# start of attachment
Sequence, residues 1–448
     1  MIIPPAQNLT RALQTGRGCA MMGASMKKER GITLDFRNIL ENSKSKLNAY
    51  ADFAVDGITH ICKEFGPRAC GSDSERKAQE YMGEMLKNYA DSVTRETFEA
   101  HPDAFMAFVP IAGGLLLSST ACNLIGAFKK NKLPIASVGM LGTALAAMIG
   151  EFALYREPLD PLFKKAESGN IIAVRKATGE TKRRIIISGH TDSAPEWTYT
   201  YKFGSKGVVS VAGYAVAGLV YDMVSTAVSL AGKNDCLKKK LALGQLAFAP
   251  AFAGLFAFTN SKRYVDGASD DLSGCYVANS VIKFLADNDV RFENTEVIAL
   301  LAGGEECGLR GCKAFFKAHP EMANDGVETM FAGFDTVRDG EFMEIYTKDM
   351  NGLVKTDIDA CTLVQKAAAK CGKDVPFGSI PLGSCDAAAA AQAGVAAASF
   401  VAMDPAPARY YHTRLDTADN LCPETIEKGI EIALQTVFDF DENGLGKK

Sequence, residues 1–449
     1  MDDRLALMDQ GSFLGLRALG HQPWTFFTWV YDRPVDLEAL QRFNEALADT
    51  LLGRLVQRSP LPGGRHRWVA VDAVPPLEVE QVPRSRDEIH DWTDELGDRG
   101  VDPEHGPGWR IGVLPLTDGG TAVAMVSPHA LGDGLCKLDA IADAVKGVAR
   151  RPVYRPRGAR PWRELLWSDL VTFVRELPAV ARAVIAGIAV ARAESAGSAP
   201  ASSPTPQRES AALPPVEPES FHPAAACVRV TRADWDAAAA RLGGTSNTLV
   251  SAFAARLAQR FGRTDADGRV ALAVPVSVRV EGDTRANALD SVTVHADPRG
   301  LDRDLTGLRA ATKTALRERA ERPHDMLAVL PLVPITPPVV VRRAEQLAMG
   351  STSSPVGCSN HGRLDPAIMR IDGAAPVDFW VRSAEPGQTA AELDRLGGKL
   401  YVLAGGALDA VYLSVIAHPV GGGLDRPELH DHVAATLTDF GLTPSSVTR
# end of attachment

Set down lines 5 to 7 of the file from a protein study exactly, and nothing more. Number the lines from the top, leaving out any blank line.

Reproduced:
   151  EFALYREPLD PLFKKAESGN IIAVRKATGE TKRRIIISGH TDSAPEWTYT
   201  YKFGSKGVVS VAGYAVAGLV YDMVSTAVSL AGKNDCLKKK LALGQLAFAP
   251  AFAGLFAFTN SKRYVDGASD DLSGCYVANS VIKFLADNDV RFENTEVIAL